You can find an amazing number of links to marine biology resources from the folks at the Hopkins Marine Station of Stanford University. Go to: Careers & Jobs in Marine Biology & Oceanography.
|Q:||Cathy writes: I am seeking advice for my husband. He had an interview for a position which he thought went well and was also told it was a good meeting. He was called back for a second interview. But the night before the interview he received a message on our answering machine saying that the meeting was being canceled. It has now been one week and he has heard nothing. The agency that was working with him only knew that the meeting was canceled. At this point does he "write off" this company as a potential employer or should he follow it up in some way?|
|A:|| The Career Doctor responds: I see a couple of red flags in your email and my gut feeling is that it is time for your husband to explore other options but let’s go through this thing step-by-step.
First when using a recruiter or headhunter that person becomes a key point of contact. Just remember that the recruiter works for the employer (and not you) and you should be okay. The recruiter only gets paid for placing a job-seeker with a client company so there are obvious reasons why the recruiter wants to work with you in helping you land the position. Always follow-up any contact with employers with the recruiter and get his or her feedback on your performance and perceptions of where you stand with the employer.
Second job-seekers should always send thank you notes after all interviews — to each person who interviewed you. While not always seen as a requirement thank you letters can push you ahead of the other candidates — give you a little edge.
Third always follow-up with employers — and recruiters. Who knows why the employer canceled the interview? Perhaps they filled the position; perhaps they implemented a hiring freeze; perhaps they received a bad reference about your husband. Information is key. By following-up the next day after getting the message he might be in a better position of knowing where he stood — and where the search stood. He should have also called the recruiter if for no other reason than to update him/her on the progress of the search. Follow-up is key. Job-seekers must follow-up on all job leads.
I wouldn’t necessarily write off this company — there is still time to make contact and see where the search stands — but I would certainly be moving forward with other potential employers because something obviously happened with this company. And your husband should decide whether to keep working with the recruiter.
Finally remember that networking is the best — and most likely – way to find a job. So be sure to let all the people in your network know you are looking for a new opportunity.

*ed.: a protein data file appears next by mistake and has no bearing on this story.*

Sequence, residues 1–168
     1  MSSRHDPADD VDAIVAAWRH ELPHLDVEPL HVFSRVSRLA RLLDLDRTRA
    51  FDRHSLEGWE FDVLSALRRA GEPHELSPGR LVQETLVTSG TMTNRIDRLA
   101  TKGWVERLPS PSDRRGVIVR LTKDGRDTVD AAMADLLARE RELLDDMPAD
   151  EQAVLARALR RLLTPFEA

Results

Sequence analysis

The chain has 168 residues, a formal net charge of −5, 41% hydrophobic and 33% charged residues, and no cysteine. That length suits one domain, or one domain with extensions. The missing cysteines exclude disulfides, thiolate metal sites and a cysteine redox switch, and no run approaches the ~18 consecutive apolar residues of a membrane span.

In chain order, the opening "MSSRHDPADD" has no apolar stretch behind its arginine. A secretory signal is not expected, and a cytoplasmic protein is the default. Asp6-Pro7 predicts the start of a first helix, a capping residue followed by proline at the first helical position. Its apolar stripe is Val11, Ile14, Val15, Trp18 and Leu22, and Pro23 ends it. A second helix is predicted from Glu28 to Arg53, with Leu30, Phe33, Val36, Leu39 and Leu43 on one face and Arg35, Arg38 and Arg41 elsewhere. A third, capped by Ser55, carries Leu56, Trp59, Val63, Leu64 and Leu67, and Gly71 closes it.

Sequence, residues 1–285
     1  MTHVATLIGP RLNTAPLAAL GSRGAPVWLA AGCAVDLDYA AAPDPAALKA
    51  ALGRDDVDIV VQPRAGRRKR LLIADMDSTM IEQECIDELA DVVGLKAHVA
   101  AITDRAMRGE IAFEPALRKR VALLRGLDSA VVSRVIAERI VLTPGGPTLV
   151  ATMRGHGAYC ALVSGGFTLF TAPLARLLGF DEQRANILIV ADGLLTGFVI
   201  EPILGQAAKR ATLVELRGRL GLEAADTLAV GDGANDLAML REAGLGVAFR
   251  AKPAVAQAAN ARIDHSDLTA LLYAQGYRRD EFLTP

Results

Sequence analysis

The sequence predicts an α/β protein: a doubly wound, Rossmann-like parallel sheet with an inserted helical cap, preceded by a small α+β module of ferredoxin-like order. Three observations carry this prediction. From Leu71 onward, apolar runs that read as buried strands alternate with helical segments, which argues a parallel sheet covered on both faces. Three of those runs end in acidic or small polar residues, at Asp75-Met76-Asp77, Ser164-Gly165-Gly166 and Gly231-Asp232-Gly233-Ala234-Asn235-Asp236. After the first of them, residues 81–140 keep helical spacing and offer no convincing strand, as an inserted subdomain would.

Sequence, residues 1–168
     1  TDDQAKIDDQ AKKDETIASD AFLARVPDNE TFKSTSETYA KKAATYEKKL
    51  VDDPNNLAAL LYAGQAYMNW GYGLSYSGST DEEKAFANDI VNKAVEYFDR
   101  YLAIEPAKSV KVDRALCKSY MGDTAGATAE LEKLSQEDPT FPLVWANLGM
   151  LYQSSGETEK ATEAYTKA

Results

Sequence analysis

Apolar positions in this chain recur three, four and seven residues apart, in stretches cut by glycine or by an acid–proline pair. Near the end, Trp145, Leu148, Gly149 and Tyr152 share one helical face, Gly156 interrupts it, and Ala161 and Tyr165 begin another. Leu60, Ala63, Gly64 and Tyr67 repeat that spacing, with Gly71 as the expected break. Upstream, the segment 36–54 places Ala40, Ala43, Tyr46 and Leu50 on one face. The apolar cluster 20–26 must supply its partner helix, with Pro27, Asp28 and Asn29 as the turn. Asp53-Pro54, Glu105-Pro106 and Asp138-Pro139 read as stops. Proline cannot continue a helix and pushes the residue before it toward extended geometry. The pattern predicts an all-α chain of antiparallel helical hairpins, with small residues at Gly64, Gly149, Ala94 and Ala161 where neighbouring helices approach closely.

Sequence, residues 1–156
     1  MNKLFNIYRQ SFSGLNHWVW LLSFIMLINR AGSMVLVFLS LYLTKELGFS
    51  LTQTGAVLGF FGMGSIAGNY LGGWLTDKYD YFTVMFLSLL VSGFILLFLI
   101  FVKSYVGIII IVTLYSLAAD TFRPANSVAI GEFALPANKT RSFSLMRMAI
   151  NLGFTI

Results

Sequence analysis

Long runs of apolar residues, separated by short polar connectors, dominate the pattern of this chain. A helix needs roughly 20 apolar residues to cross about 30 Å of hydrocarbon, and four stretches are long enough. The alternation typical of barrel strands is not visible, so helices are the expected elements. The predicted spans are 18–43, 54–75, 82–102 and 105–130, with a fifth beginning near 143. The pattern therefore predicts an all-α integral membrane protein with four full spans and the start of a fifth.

For more resources related to recruiters and headhunters including useful advice and recruiter directories go to this section of Quintessential Careers: Recruiter/Headhunter Resources Directories & Associations.
|Q:||Lynn writes: I have recently made a slight shift in my job field. I was an Administrative Assistant for over 6 yrs and now I am working in the Accounting Department. How do I reflect the change in duties from Administrative Assistant to (I don’t really have a title now)…Accounting. I have only been doing this for a month but I recognize that the pay is better on this side of the fence. Some of my daily functions parallel what I was doing in my previous position. However I want to show progression on my resume without looking like I job hop.|
|A:|| The Career Doctor responds: I am a very big proponent of keeping one’s resume current. You never know especially in the current economic and corporate climate when you’ll be in a situation where you need to have your hands on an up-to-date resume. So I laud your efforts.
And when you get promoted (or transferred) within your current employer that’s not job-hopping. In your case it shows that your employer values your work enough to expand your job responsibilities.
You really need a job title so you should either ask for a new one — or suggest one to your boss. Once you have the new job title you can show the progress from administrative assistant to the new position on your resume.
While it may be a bit too early in your new position to identify some of your key accomplishments remember that whenever you are describing jobs on your resume you should try and identify quantifiable accomplishments rather than list duties or responsibilities. Employers want to know how you made the job your own — and how you excelled in it.
You can find some great advice on writing a powerful resume — in the form of articles and tutorials — in the Resume Resources section of Quintessential Careers.